From Horizon News’ Ethan Bilby: Field robots and plane-based remote sensors can patrol the earth and the sky to monitor the gases that cause climate change. Standing on three large wheels that help it avoid getting stuck in the soil, the Field Flux robot is able to lower two sampling chambers held on large arms to test soils for tiny amounts of nitrous oxide (N2O). Though carbon dioxide (CO2) is better known when it comes to climate change, N2O has a global warming potential that’s over 300 times higher. In other words, a single molecule of N2O is as damaging as 300 CO2 molecules.
‘One of the great difficulties in quantifying N2O emissions from agriculture is that it changes with a factor of 100 from one day to the next and one spot to another,’ said Professor Lars Bakken, from the Norwegian University of Life Sciences in Oslo. He is a microbial ecologist on the NORA project, which is working out ways to reduce N2O emissions from soils and developed the monitoring robot alongside Norwegian company Adigo. ‘This is actually the whole reason we made the field robot. If you want to quantify emissions from a field experiment you have to measure over and over and over in many plots,’ said Prof. Bakken.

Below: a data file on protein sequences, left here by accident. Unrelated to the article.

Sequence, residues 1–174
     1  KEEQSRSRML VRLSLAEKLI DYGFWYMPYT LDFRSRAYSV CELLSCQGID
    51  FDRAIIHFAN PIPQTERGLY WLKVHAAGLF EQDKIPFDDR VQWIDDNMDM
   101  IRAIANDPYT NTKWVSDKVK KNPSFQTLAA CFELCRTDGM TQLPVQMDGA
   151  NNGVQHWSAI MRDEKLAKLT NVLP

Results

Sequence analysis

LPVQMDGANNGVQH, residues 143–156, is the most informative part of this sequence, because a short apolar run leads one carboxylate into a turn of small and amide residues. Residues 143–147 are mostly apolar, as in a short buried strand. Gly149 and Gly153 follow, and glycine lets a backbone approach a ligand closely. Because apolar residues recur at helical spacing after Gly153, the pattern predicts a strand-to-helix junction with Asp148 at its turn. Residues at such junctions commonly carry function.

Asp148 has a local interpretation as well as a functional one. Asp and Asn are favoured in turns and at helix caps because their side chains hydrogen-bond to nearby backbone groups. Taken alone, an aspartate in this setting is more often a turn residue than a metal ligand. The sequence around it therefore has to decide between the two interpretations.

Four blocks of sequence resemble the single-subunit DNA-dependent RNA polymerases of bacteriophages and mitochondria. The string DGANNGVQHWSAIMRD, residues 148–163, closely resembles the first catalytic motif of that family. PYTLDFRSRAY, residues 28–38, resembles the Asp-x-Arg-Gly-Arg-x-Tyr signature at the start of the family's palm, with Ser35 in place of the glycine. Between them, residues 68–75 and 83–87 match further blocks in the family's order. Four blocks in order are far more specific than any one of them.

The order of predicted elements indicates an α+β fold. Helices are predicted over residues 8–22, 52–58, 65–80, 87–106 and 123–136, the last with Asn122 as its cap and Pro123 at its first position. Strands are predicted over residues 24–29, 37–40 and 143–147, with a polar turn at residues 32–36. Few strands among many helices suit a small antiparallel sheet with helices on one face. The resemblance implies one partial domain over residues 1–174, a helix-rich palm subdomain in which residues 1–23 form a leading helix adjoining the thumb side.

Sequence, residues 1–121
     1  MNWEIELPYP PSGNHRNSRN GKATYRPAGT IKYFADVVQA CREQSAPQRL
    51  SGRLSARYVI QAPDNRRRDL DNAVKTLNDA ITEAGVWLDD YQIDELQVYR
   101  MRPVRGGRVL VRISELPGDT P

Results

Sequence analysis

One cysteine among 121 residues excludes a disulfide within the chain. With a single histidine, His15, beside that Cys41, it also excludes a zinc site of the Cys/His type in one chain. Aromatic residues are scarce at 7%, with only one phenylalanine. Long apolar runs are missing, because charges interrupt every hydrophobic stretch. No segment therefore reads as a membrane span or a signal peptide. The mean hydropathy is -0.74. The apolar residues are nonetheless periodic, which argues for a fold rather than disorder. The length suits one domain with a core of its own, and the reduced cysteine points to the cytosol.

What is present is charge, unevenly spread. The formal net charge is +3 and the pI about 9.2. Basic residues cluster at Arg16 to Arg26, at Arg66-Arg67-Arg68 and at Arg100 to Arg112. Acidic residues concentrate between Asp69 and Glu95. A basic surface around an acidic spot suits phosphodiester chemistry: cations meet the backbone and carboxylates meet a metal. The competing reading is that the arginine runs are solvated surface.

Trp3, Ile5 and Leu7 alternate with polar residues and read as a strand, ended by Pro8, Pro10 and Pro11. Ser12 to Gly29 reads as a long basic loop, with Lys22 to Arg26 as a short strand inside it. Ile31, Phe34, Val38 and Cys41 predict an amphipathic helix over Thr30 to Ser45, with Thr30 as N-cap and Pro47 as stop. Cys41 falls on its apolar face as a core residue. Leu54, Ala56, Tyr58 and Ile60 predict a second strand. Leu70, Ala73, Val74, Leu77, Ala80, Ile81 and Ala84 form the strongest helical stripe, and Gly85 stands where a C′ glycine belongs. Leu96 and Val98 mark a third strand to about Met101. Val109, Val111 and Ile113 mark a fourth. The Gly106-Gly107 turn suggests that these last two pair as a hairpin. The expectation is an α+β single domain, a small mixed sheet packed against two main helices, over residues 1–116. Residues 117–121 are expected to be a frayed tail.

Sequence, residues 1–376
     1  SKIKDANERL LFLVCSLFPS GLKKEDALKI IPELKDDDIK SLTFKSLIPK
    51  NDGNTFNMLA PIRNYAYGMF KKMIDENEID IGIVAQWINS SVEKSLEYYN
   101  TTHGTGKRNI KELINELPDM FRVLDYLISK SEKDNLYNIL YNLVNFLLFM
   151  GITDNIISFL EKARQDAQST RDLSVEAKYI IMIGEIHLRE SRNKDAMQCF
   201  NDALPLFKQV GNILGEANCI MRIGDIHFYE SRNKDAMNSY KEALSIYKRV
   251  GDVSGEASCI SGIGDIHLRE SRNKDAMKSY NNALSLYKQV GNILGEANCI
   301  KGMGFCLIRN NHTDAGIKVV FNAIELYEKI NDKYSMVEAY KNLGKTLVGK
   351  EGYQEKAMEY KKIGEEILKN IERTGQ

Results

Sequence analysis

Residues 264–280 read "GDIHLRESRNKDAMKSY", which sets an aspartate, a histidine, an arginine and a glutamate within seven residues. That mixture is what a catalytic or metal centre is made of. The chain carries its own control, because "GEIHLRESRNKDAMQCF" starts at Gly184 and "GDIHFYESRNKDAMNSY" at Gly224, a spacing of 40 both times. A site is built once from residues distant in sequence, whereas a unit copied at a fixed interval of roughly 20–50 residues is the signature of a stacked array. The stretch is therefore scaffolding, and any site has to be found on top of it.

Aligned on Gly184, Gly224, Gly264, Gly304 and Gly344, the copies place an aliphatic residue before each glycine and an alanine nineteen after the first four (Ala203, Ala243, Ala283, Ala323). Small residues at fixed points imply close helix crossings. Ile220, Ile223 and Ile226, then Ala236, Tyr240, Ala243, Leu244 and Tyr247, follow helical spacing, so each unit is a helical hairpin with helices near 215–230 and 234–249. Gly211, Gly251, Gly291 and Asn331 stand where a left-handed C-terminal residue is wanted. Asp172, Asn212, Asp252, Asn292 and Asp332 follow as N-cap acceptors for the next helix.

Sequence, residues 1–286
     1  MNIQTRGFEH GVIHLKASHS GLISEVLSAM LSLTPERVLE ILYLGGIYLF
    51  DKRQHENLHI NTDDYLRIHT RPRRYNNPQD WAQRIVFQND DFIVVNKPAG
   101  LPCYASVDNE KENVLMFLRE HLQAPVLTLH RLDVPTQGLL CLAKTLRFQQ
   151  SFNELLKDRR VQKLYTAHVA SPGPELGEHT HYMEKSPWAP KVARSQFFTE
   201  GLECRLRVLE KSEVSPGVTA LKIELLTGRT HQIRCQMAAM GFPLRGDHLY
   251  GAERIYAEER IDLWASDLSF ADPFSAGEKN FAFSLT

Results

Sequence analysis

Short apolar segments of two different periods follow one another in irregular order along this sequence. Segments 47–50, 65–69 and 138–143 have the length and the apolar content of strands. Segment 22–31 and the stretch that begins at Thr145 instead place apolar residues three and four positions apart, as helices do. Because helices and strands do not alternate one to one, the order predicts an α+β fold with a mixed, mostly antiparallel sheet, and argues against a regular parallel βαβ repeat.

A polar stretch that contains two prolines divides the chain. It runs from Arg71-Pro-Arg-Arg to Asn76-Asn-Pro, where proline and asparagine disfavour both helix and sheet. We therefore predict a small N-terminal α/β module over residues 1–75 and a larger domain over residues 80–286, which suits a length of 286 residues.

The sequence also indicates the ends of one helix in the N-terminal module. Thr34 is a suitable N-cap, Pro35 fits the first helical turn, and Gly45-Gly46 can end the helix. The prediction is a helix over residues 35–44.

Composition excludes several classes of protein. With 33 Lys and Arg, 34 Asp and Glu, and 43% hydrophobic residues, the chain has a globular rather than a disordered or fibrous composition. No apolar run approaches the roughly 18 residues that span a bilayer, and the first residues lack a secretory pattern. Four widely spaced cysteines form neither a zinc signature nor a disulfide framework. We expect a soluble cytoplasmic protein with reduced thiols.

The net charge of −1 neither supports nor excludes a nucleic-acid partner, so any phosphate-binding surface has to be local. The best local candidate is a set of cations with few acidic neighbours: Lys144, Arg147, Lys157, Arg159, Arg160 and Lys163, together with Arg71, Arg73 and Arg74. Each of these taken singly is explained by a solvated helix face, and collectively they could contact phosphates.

Using the robot, a field that took 27 hours to test manually can be done in just one hour. Those measurements are crucial in controlling N2O as they could allow farmers to treat their soils where needed. The N2O is produced by some soil microorganisms during periods when the soil is not well aerated, for example during heavy rain, or when the soil is tightly packed. Those organisms, mostly bacteria, then use nitrogen oxides instead of oxygen for respiration. Several of those bacteria can respire N2O by using a very special enzyme, the N2O reductase. The researchers in the NORA project discovered that this enzyme is prevented from functioning correctly in acidic soils, and also when there isn’t enough copper present.